RSS The color temperature of light – what exactly is it?

Discussion in 'RSS Feeds' started by MASA Admin, 19 Jan 2012.

  1. MASA Admin

    MASA Admin Moderator

    8 May 2007
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    Color temperature has been*something that has been thrown around in the aquarium world for a long time when regarding light sources. You would think that after all this time, the aquarist masses would have a decent handle on what color temperature actually means, but there is still a lot of confusion about what it is, what our lamps really are in terms of accurate color temperature, and why it’s really not a good measurement of light quality. Lets start with the basics.

    To begin with, lets start with*some definitions. Color temperature relates to the color produced by an ideal*black-body radiator (more detailed reading here)*as it is heated. The color is related to the absolute temperature of the surface of the black-body radiator*measured in Kelvin (K). The lower the temperature, the more red the light appears. The higher the temperature, the bluer the color appears. This is all well and good if you have the ability to heat an object that hot, but it’s not all that practical when you are dealing with temperatures in excess of 727C (1000K).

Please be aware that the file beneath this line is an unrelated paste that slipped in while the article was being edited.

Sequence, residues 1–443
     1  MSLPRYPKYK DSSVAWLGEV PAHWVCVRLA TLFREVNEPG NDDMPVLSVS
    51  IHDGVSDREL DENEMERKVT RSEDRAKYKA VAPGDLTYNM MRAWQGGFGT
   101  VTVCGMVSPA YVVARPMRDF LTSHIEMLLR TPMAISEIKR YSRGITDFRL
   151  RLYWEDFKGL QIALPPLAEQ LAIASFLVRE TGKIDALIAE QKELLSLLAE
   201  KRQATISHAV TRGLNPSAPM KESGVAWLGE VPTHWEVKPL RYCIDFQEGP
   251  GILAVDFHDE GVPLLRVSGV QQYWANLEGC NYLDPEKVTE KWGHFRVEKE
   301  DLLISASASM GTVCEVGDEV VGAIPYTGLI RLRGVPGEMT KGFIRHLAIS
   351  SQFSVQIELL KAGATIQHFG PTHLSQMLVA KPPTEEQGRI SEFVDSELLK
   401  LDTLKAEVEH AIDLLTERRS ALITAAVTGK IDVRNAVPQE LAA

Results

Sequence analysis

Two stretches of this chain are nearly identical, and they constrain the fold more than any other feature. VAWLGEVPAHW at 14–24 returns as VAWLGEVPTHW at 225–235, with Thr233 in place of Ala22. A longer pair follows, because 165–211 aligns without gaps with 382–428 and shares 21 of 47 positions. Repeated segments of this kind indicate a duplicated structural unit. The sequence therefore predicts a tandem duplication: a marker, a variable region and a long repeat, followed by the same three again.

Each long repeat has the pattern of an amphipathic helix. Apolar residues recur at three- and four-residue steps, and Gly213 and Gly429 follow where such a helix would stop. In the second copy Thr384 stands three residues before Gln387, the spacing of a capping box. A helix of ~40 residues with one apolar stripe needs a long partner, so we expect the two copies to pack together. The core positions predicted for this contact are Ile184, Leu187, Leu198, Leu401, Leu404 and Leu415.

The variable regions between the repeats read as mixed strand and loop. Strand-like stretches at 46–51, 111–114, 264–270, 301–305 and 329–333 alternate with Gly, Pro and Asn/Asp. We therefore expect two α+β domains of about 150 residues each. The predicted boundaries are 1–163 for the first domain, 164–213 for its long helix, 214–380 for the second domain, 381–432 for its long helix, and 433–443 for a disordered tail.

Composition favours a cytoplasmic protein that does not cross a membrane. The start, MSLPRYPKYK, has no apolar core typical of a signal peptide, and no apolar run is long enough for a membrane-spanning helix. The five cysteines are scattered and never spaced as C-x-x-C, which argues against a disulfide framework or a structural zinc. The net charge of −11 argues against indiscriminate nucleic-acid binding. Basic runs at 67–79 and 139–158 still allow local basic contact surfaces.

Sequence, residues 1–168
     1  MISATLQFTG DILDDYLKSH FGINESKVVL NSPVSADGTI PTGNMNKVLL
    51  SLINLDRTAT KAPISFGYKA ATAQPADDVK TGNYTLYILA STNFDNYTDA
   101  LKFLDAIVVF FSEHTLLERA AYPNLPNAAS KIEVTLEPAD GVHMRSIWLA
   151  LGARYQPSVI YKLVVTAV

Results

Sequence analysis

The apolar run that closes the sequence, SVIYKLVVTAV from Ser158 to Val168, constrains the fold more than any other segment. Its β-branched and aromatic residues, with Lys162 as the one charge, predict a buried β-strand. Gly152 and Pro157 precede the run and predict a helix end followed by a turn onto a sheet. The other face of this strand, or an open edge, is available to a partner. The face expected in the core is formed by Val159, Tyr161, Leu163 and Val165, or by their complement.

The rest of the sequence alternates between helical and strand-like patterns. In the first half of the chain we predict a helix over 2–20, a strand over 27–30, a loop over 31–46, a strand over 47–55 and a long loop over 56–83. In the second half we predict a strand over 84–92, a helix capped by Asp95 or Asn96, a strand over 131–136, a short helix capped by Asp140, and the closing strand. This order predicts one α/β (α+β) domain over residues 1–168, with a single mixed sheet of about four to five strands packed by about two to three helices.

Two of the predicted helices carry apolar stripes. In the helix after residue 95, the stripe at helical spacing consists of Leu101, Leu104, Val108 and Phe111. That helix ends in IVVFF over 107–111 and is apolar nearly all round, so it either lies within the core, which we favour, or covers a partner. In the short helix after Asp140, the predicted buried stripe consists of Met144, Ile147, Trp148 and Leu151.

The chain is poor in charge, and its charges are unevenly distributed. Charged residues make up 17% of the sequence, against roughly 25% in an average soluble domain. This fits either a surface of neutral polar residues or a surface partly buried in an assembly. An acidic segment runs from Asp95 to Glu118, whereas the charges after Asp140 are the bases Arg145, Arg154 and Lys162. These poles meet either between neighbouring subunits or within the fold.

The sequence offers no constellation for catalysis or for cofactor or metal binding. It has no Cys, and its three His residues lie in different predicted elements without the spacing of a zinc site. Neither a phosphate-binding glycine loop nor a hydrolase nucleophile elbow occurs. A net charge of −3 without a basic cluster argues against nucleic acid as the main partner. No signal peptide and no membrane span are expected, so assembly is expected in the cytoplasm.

That’s where correlated color temperature (CCT from this point) comes in. CCT is the color temperature of a black-body radiator that has been adjusted to match the response of the human eye. This is good, seeing as we never see that kind of actual temperatures in any electric light source we use today. This also*means we don’t have to line our houses with asbestos and wear nomex suits just to have electric light, something I think we can all be glad of.
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